Others in the media have focused on the regional implications of the Egyptian elections. Earlier today, Gulf News’ Marwan Kabalan suggested, “Just like its revolution last year, the election in Egypt on May 23-24 is likely to have tremendous impact on Arab domestic politics as well as on the political landscape of the region….Given this long history of influence on fellow Arab countries, it would not be a far-fetched prediction that if the Islamists…rule in Egypt, most, in not all, of the Arab world would come under Islamist rule…. The question that is being frequently asked is: would the arrival of the Islamists to power in Egypt lead to a new line up in the region?... For Israel, the vital question is: Would the Camp David Accords and the Israeli-Egyptian peace treaty be affected by the ascendance of new political elite in Cairo?”
In an article for the Bitter Lemons website, Sadegh Zibakalam expresses some optimism as he discusses the current developments in Egypt within the framework of the Arab Spring: “Democracy is slowly rising in the Arab world for the first time in its history. And if history is anything to go by, democracy will solve many historical conflicts in the region — both domestic as well as between states — in much the same the way it did in Europe and elsewhere...The Islam that has emerged in the Arab spring is more inclined towards a Turkish than an Iranian model. It is true that the Islamists in Tunisia, Morocco and Egypt have emerged as the biggest winners in free and fair elections. But it is also true that the Islam they broadly represent is a moderate Islam. It is neither anti-western nor anti-American. It is not even explicitly anti-Israel…. In fact, the Arab spring has for the first time created a realistic prospect for peace between the Arabs and Israel.”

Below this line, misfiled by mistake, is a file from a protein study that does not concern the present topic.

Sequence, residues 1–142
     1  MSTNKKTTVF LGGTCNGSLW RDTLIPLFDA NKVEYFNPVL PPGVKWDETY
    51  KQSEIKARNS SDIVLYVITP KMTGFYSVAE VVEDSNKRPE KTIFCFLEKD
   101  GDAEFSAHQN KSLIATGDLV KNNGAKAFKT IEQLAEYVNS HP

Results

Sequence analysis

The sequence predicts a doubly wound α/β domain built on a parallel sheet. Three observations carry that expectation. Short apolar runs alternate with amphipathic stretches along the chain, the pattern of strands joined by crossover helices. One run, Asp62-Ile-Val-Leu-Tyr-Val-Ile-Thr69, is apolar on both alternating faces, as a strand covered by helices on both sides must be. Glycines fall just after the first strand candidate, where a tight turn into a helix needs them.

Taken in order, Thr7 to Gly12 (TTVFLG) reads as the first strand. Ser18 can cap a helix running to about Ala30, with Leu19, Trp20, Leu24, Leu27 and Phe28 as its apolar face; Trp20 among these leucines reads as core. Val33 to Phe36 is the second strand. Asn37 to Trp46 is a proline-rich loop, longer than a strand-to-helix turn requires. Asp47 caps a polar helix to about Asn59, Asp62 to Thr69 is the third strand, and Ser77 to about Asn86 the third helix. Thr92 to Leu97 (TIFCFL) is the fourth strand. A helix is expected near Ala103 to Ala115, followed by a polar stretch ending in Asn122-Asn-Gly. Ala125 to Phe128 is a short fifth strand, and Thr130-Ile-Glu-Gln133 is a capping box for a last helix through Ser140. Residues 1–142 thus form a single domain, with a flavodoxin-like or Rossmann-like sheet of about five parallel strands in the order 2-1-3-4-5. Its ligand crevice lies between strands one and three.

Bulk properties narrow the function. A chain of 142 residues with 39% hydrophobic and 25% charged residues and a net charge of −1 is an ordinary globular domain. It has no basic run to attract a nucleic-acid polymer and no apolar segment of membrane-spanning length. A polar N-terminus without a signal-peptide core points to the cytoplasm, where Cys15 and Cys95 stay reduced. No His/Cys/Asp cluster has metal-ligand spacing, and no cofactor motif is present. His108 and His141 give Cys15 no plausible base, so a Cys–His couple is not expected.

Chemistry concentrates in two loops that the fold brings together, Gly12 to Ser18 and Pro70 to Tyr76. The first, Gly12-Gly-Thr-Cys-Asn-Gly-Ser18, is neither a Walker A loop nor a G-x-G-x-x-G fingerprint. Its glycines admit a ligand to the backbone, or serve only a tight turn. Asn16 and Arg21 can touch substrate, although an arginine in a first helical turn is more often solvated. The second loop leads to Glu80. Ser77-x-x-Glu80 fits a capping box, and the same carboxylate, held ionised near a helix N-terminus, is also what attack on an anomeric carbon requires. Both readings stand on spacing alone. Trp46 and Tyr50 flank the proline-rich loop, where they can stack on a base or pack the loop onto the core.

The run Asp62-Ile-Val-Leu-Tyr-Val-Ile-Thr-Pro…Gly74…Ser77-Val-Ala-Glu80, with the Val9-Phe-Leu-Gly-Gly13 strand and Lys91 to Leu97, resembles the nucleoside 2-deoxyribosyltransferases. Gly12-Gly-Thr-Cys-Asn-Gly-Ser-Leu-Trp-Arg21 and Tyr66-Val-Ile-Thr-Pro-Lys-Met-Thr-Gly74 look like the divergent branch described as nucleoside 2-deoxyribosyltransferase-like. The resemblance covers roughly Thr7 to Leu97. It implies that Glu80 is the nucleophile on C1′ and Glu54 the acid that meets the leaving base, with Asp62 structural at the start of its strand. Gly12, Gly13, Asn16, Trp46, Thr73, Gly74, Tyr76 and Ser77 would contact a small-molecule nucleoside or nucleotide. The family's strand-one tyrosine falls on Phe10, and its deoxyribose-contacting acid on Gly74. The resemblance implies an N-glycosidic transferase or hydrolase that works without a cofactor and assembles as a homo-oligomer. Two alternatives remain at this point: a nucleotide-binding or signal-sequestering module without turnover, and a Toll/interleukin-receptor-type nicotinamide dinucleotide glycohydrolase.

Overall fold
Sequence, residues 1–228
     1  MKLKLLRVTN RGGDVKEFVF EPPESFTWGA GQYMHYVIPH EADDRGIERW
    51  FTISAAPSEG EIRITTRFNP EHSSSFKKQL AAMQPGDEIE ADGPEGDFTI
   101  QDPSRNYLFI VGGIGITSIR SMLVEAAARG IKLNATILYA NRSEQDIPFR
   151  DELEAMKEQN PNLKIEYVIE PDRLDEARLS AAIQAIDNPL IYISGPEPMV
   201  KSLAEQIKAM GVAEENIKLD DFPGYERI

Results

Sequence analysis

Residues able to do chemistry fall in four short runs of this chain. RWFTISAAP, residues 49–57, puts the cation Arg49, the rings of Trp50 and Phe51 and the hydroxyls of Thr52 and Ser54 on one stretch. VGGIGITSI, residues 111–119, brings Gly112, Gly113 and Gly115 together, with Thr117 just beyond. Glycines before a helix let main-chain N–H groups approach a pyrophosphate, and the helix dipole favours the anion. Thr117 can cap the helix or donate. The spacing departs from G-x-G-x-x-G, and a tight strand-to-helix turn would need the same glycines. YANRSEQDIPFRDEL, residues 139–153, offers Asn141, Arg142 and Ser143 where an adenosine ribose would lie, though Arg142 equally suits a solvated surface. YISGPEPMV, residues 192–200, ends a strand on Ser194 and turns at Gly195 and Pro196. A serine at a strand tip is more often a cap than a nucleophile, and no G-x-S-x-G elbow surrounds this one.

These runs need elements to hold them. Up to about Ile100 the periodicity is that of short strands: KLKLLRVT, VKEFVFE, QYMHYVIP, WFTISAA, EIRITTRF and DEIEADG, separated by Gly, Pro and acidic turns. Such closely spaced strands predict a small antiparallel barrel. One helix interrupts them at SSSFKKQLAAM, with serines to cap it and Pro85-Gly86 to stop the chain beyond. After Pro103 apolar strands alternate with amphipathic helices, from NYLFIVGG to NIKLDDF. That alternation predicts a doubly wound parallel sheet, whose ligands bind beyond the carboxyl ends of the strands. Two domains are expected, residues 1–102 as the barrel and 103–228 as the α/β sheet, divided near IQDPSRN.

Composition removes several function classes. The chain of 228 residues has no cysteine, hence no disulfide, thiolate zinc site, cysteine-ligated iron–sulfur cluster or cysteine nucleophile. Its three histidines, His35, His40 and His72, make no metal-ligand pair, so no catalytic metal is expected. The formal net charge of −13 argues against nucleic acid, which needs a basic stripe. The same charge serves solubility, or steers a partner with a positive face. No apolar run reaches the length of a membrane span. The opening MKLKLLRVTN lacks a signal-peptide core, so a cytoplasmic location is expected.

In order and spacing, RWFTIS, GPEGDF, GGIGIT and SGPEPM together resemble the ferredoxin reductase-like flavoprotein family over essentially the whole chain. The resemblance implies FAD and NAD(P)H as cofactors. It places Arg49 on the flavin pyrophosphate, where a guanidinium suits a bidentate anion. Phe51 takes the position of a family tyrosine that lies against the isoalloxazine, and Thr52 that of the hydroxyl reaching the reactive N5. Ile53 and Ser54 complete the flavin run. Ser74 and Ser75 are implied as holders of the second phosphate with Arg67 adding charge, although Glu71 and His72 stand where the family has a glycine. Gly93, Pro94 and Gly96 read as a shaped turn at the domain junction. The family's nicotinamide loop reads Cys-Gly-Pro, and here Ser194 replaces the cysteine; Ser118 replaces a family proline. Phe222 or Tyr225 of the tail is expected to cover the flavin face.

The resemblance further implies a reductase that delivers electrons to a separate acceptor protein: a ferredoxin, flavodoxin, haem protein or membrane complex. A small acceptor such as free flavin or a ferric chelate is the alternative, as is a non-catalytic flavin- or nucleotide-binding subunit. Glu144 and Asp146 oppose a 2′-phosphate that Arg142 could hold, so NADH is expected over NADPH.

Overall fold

There are signs that things are beginning to change, starting with the media. As Maurice Chammah writes on The Daily Star: “Egypt’s state press is changing, slowly…. Critics have focused more on the overhaul of state television than on that of print outlets. But print media is also changing. The Journalists’ Syndicate (print journalists) has been increasingly critical of the regime since its last polls, and state newspaper coverage of the Supreme Council of the Armed Forces has grown more cautiously critical….Before the Egyptian uprising, the allegiance of state media was clear...Furthermore, while state journalists no longer strictly follow the government’s narrative, reporters for state papers have spent decades practicing a form of journalism that supports the policies of the country’s leaders. However, Al-Akhbar’s recent exceptions to this rule and the new confidence of the journalists’ syndicate suggest some small — but significant — beginnings of change in the state press.”